On the other hand, the sense of mutual non-recognition (or disregard) among Hindu sects is something I have found among tariqats as well. I don't know where I got the idea that different tariqats were supposed to hold one another in positive mutual regard, although it does seem that there has been some positive cooperation between NAJ and Pir Zia, so far as I can tell. (Even the two branches of the Jerrahi order in North America seem to have very little to do with one another.) Perhaps my habitual tendency toward "accommodationism" is at fault here, but when I have met people from other tariqats--including during my period of exploration, after I had received initiation from Javad Nurbakhsh and before I had settled into a local NAJ group--I have respected their efforts in setting up a ritual space for the practice of zikr and have gone along with the form in which they practice. I may even have enriched my knowledge of their tradition by reading about it on my own and/or by asking them for information on it. But when I have tried to bring my own experiences into the discussion, it typically goes nowhere.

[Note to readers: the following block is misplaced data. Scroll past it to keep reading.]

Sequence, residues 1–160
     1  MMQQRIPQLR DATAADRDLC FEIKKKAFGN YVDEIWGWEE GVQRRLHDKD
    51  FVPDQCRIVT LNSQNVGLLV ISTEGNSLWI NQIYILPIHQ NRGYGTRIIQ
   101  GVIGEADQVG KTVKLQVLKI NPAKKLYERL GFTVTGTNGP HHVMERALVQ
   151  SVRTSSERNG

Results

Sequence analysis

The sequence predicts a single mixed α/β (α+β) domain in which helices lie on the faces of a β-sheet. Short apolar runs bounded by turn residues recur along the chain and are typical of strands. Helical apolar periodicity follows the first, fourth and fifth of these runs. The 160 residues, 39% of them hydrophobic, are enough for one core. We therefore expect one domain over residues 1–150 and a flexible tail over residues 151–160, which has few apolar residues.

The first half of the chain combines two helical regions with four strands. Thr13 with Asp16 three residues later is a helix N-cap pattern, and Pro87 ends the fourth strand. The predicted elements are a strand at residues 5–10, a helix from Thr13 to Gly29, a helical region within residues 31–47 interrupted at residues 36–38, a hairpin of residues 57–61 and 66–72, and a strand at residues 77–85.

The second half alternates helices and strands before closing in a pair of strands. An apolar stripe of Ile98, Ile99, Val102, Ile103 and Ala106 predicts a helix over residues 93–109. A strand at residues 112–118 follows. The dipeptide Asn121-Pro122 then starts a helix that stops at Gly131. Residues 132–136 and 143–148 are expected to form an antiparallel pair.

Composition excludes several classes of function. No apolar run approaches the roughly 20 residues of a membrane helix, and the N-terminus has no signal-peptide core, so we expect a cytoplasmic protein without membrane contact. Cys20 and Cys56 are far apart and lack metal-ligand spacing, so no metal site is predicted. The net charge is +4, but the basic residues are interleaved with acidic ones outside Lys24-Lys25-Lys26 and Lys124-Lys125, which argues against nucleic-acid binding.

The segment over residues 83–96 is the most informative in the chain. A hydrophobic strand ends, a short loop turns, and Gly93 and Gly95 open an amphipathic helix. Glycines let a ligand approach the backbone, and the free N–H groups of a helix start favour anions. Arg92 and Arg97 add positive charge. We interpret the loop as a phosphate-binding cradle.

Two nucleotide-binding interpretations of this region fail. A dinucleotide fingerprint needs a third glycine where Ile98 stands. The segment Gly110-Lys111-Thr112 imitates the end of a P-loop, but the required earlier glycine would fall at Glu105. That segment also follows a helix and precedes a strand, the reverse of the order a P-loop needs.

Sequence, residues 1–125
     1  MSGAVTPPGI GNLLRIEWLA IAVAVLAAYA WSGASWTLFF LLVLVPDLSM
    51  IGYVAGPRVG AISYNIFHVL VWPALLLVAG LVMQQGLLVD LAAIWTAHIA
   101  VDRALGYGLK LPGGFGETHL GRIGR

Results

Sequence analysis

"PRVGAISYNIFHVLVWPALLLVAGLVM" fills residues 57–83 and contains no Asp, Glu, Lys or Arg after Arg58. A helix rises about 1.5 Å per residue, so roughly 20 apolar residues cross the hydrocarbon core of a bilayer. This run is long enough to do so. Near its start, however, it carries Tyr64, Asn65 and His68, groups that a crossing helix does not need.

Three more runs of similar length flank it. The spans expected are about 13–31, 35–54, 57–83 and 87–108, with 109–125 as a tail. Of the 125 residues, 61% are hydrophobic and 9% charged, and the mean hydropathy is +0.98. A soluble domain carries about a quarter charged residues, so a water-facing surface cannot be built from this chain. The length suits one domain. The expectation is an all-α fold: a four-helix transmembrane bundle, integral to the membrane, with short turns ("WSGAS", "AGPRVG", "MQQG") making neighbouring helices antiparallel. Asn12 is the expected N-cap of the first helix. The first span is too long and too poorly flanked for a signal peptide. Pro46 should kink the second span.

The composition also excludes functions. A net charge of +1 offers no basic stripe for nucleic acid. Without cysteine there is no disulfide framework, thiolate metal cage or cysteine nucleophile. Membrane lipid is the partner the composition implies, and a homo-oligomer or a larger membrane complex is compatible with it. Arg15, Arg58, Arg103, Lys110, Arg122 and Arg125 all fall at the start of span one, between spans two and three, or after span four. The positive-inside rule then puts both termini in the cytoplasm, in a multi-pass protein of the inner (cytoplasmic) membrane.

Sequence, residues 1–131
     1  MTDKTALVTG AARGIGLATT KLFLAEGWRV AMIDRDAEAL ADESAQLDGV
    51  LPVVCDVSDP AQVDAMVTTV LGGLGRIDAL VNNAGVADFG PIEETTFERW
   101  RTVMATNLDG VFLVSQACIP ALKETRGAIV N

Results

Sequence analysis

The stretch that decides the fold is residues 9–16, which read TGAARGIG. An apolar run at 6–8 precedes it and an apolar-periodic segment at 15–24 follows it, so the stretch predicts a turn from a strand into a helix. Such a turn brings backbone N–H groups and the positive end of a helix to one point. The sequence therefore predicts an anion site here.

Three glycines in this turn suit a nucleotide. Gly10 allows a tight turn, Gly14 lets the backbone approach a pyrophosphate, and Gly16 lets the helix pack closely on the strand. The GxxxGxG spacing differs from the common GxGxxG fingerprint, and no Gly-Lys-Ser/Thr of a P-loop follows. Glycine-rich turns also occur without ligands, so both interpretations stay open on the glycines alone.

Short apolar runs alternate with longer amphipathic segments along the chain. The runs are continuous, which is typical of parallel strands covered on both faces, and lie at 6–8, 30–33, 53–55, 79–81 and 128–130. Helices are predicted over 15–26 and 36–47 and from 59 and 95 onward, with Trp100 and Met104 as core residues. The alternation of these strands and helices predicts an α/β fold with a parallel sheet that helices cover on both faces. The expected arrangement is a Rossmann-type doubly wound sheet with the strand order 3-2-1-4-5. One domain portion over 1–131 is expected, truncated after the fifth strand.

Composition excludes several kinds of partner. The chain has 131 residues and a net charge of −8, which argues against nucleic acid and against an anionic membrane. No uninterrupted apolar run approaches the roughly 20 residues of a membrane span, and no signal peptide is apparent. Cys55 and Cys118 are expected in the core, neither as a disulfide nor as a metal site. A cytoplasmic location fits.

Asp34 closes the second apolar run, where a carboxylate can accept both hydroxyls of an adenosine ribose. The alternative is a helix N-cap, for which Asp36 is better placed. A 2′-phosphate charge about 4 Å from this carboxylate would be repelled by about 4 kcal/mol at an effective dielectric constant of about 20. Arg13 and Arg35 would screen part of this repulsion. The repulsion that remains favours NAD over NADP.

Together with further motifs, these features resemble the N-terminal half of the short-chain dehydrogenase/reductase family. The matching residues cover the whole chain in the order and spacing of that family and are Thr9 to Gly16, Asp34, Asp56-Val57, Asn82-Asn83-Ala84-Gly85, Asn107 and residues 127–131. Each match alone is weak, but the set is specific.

I don't know where I developed the idea that people were supposed to share on the basis of their own experiences for the purposes of their mutual growth and development--rather than each individual or group remaining right where it was before they even encountered one another--but I have so often been disappointed in this respect that I realize now that it has become something of a litmus test for me: if I try to share some information and it is received badly, or is ignored, then it appears in retrospect that I have already made a decision to leave, even if I don't act on it immediately. This is how I feel about the (relatively) local Sufi meetup group. Although I felt some kind of response to the practices initially (even though it was basically reciting along with a CD), there wasn't any real space for communication. When I followed up afterward with the leader by sending him a link to some information on NAJ, there was no response. Then there was the time that a meeting was cancelled and I didn't receive notification, even though I am a registered member of the meetup group. By then, I had discovered some Bosnian devotional music. I listened to that in the car to and from the yoga studio where the Sufi group gathers on the night that the meeting had been cancelled. I also chatted with one other person who had not been informed of the cancellation either. That, evidently, was my zikr for that evening. The next time we gathered was when the group leader gave his dumbed-down version of what Sufism was about, which I bitched about here. (I should have known that, once I started complaining about the quality of his discourses, that that was probably it for me.) Once I started fasting, I immediately turned inward, realizing that what I had wanted so badly this summer was a period of retreat with no social obligations, so I just stopped responding to the meetup reminders one way or the other. It feels like too much of an obligation to RSVP in the negative, and thereby to possibly invite questions as to why.